Any community that chooses to do things and organises itself collectively must eventually pay for that collective action through taxes, levies or fees. This might start with defence and law and order, provisioning an army and a police force; constructing roads, harbours, prisons, schools and hospitals.

Modern society has taken collective action to a new level and introduced a whole list of rights that eventually must be paid for by the tax-payer.

We like life to be fair and we are very good at introducing laws to prevent unfairness but every new law adds to the existing burden.

But are sharing this burden fairly and responsibly?

Guernsey’s current system of distributing its burden between the State and non-state organisations has developed without any planning and without any thought of the consequences.

In the meantime, the UK has been quite aggressive over the last decade or so in ensuring that it does not bear any burden that it could properly distribute back onto Guernsey’s collective shoulders.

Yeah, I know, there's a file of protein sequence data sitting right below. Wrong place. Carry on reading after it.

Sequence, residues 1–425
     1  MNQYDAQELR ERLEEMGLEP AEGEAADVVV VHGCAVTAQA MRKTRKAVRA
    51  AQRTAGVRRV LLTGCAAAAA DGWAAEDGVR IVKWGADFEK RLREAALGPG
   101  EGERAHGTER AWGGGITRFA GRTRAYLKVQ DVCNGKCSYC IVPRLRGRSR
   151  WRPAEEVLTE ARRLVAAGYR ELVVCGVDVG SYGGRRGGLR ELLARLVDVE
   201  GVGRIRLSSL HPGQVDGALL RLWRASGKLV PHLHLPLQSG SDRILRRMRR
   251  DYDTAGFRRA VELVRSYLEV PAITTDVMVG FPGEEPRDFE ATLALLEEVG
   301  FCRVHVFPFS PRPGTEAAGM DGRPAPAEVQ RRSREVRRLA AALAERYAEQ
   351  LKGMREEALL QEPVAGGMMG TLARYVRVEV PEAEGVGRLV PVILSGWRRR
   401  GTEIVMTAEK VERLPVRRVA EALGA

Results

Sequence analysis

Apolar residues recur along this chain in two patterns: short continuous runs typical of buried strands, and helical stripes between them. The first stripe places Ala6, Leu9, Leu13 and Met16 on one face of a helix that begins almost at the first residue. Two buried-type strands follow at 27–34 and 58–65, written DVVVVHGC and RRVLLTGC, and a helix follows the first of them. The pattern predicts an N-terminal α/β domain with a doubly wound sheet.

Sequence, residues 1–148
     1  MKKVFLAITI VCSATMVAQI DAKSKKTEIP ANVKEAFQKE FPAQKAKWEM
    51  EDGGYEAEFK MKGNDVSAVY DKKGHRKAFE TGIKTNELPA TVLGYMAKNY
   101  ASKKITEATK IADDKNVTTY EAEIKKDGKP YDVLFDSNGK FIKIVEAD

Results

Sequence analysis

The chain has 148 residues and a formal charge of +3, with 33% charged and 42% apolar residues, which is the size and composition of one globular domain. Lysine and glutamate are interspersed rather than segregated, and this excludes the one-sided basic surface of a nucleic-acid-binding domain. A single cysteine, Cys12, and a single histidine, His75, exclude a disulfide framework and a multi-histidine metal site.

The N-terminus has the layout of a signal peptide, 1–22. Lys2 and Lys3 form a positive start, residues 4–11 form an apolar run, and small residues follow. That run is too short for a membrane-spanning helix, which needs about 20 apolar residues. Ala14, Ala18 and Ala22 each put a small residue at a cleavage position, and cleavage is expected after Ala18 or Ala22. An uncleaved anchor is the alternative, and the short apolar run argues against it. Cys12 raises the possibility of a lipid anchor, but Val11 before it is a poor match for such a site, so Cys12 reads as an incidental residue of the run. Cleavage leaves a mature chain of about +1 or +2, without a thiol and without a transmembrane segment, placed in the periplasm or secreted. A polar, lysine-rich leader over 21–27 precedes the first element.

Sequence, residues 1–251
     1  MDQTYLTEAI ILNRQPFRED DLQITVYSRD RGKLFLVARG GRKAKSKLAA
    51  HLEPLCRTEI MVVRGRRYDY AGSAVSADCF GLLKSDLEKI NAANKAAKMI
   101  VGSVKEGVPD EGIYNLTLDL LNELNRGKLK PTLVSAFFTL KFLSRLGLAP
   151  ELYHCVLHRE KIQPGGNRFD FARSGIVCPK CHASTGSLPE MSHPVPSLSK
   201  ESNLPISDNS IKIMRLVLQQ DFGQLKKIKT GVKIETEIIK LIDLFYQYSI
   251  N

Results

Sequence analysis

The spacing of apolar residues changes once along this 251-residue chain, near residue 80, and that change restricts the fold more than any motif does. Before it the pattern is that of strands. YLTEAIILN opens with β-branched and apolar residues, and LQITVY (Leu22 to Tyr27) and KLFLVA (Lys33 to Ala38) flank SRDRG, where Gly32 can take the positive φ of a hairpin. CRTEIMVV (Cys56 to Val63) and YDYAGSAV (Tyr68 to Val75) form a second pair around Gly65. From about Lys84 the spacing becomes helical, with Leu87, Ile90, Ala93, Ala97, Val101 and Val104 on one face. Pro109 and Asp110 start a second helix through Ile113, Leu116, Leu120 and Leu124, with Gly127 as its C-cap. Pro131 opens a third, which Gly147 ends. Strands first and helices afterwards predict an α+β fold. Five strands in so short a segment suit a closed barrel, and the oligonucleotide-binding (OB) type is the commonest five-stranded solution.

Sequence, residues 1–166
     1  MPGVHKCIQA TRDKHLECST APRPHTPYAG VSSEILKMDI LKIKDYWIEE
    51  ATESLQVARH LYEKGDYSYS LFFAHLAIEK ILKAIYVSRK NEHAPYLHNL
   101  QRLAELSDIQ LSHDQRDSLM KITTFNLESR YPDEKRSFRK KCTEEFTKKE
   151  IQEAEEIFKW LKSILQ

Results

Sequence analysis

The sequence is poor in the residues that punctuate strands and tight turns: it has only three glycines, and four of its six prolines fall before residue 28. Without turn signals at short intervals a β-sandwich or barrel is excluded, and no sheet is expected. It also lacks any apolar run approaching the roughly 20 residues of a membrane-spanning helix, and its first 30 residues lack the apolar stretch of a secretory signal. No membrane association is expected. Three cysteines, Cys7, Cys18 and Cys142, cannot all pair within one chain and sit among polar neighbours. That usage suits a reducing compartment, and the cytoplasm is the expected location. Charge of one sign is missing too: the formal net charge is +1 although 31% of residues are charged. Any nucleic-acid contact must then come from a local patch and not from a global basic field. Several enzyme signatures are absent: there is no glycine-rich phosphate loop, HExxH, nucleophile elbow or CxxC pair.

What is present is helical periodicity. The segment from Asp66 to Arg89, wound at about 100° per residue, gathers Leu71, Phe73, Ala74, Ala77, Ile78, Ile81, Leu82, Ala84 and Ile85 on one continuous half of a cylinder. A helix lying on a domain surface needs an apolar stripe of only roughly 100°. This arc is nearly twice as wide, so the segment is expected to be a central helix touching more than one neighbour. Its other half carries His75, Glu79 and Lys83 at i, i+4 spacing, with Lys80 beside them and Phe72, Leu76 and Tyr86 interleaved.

Just look at our reciprocal health agreements, higher education fees, defence that resulted in the Alderney breakwater being taken on, and more recently a revised double taxation agreement.

We must look at our own distribution of burdens. And I am not suggesting that we should pass burden on to Alderney or Sark as this is for politicians to decide. And the best of luck to them for that one.

But surely as a community we should reconsider whether the State is the right organisation to provide and operate all the services that the community needs to become a better, stronger, healthier and happier society.

The Health and Social Services Department (HSSD) and their 20/20 Vision have set the right path but there is more that could be done.